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An American housewife's husband is offered a position in Japan to work on a multinational project. After much soul-searching they accept, and their lives are never the same. From 1994 to 1997, they lived in the countryside in housing specifically designed for Westerners, surrounded with friendly neighbors from The European Union, Canada, Russia Japan and America. Life in Japan was a daily challenge and Pauline had to learn to adjust to Japanese customs. She gingerly maneuvers through complicated rules of Japanese social behavior, never knowing when a simple faux pas would be construed as an intolerable violation of proper conduct. At times, she learns the hard way: wearing the wrong dinner kimono in a Japanese inn, forgetting to put on the proper toilet slippers. Driving on the left side (British style) on narrow, winding roads was a particularly harrowing experience. Grocery shopping for canned or package food and not knowing how to read the labels turns into a guessing game. In spite of these obstacles, life in Japan is rewarding. Eventually Pauline attends night school (Juko/cram school) and learns to ask simple questions and to read signs in Katakana, Japanese characters designed for foreign languages. Japanese living was a challenge, but a close network of Japanese and fellow expatriate friends enabled the Hagers to prevail. The Hagers also travelled to Hokkaido Island, Mt. Fujii, and Nikko Nat’l. Park in Japan, and Hong Kong, Lantau Island, Malaysia, three southern borders cities in China, and lastly to Thailand. The author describes her exciting visits to these exotic countries, including an unnerving ride on an elephant in Thailand and the couple’s visit to a snake farm where poisonous snakes are harbored.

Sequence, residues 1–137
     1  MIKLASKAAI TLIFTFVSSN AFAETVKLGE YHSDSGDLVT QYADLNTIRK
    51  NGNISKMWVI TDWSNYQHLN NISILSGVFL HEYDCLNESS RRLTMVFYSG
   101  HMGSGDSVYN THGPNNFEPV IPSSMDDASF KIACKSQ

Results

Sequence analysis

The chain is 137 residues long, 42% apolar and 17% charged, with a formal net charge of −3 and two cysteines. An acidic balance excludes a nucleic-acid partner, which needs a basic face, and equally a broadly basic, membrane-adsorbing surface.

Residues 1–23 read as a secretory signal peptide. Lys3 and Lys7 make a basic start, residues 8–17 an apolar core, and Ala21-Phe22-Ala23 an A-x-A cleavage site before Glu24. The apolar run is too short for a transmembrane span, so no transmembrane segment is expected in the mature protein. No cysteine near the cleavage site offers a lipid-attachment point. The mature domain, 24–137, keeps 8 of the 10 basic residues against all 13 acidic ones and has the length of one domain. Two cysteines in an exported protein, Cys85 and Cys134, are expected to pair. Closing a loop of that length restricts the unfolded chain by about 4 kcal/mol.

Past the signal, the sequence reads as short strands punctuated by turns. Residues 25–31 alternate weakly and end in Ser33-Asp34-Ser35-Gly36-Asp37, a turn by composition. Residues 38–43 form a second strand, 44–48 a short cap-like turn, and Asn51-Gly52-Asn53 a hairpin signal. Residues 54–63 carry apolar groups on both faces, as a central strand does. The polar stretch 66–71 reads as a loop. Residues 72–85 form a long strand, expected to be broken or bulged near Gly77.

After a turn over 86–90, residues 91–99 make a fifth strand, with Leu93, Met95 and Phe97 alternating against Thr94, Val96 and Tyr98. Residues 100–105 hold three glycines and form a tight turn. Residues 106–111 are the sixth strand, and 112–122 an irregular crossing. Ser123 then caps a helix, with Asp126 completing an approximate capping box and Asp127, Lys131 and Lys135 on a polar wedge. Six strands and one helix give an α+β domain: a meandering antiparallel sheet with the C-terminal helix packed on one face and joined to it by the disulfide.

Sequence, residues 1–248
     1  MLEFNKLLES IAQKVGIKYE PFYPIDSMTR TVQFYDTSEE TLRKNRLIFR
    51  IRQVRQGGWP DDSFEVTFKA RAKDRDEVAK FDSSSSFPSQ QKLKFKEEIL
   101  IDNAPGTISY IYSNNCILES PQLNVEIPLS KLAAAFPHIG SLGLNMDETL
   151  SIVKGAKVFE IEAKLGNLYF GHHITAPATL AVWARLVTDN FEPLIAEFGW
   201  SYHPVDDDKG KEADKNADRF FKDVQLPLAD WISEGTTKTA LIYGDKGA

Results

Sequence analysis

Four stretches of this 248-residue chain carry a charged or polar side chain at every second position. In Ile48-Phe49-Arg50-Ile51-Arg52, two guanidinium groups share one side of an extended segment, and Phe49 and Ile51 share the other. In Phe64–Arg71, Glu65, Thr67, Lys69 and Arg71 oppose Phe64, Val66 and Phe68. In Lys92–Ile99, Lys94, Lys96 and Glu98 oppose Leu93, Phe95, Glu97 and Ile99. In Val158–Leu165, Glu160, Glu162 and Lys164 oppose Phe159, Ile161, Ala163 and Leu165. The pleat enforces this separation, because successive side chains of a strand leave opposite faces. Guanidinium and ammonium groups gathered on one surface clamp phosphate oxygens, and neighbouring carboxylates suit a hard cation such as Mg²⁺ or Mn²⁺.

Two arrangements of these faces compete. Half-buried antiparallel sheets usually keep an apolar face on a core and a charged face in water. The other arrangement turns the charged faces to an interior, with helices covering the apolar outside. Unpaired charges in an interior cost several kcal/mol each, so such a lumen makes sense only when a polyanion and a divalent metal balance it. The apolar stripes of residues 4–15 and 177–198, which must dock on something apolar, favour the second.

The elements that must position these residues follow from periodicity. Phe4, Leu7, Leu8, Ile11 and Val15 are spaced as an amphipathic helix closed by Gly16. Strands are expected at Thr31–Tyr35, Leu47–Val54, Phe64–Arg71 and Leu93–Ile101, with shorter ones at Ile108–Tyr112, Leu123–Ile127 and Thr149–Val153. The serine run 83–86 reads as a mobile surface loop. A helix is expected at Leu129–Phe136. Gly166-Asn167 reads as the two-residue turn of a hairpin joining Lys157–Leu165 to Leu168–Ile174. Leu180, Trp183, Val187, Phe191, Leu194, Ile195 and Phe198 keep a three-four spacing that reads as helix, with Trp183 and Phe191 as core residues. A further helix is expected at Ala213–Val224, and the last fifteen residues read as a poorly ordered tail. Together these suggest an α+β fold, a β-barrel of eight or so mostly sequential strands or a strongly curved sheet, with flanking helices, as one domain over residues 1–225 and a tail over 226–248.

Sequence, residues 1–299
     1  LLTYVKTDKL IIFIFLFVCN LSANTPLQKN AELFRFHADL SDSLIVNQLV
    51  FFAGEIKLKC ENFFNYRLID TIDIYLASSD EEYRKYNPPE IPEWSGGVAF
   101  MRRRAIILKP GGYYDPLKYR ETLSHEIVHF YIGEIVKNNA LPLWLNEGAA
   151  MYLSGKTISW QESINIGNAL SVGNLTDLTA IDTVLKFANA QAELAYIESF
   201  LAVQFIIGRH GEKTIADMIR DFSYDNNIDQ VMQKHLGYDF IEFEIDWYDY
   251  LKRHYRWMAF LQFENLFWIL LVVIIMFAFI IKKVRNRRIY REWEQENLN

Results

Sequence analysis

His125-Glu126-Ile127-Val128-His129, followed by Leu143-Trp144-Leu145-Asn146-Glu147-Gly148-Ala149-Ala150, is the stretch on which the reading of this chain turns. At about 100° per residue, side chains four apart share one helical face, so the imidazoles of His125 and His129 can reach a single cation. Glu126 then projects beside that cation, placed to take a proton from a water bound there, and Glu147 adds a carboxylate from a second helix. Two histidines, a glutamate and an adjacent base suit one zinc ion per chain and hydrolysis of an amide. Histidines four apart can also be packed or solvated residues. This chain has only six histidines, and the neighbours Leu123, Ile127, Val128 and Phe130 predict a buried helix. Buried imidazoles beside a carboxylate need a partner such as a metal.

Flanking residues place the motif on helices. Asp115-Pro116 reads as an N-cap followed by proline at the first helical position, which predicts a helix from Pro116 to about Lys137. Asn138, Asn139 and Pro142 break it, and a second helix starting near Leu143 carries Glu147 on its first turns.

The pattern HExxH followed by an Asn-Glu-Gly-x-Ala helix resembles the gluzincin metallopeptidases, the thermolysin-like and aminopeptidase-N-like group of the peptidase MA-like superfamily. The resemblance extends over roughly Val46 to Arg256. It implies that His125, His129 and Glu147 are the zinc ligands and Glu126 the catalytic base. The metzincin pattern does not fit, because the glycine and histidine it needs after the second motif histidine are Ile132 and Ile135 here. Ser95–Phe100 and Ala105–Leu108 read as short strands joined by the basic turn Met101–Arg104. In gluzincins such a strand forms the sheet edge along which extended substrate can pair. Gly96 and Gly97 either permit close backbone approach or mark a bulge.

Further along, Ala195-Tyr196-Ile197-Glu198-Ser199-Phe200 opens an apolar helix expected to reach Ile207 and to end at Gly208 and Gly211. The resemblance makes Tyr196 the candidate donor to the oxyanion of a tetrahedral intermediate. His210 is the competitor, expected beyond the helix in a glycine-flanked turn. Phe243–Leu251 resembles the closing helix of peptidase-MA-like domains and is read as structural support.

Memoirs of an American Housewife in Japan is a fun book to read as well as an informational one. Included inside the book are twenty pictures of various people and places taken by the author.

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